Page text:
Comments (4)


radu's picture

radu

Saturday, March 30, 2024 -- 8:21 PM

I'm glad you brought up that

I'm glad you brought up that point, which takes me back to the saying "We don't see things as they are, we see them as we are". It happens to me all the time, and I try to be more mindful of it. The other day, it happened to someone we were playing with. She's a very short person, and we were playing "Cards against humanity", which you may or may not be familiar with. Anyway, one of the answers that someone selected included the word "midget". The person who picked it didn't realize it would hurt that person's feelings. And none of the people who were playing even noticed anything special was going on. But after the game, she came to that person who had picked that answer and said she felt horrible, and thought everyone was staring at her. It really made me realize how much we focus on our insecurities and believe it's what everybody else does too. In small and big ways - just like in the example you mentioned about angry vs. tired - it sometimes has huge consequences, and in the end, it's all this for nothing. Nothing real at least. We just replay our insecurities over and over everywhere we go. We don't really live "real life". We ruin a lot of chances at happiness this way, by pushing people away for the wrong reasons.

Thanks for the prompt!

Regards from Canada
Radu

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Daniel's picture

Daniel

Monday, April 8, 2024 -- 4:05 PM

What about letting people go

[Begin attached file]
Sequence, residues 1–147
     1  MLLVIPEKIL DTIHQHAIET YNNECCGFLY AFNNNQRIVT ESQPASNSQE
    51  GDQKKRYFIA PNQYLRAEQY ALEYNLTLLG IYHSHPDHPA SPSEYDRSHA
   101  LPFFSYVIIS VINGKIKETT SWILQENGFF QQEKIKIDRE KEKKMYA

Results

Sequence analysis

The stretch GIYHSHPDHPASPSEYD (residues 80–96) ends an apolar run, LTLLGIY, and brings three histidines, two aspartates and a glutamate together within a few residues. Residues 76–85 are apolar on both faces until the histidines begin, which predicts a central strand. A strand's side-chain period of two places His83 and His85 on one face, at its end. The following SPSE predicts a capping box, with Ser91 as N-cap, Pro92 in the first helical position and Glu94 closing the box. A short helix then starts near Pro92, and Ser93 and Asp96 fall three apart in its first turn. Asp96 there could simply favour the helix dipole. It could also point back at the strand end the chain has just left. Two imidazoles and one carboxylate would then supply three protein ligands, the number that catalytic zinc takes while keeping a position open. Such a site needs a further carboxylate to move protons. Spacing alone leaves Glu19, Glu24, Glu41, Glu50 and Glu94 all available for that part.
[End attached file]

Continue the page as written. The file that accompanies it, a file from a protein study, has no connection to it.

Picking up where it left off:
What about letting people go when you should pursue them? This is observed whenever someone broadcasts a claim but fails to give a reason for it, and upon demand that its grounds be supplied becomes indignant and instead proceeds to verbally insult the one asking. Take the failure to distinguish between an imperial state which expands beyond its recognized boundaries and a proximate territory which it occupies militarily. When the response to a request for a reason for it is constituted by a personal attack, saying for example that the territory is a haven for terrorists and if the questioner defends the rights of its inhabitants then the questioner must be a supporter of terrorism, then I think it's not false to say that the questioner at that point has acquired a duty to rephrase the question in a more pointed way and clarify its relevance. In short, if someone refuses to provide grounds for a public claim when demanded, one has a duty to pursue it until its grounds are discovered. Due to mannerist niceties this duty is often neglected, even if the claimant could be determined to possess no such grounds, and is repeating something which has been gotten from elsewhere, --hence the indignance at being asked for an explanation. Such a claimant believes already to be in agreement with everyone except for those who are extremists, radicals, or labelled in some other derisive way. They will point to articles, writings, various propaganda sources, believing that the statements of others are sufficient justification for their repeated assertions. Not to pursue these until an answer is obtained is therefore a failure to perform the moral duty of critical examination of public assertions.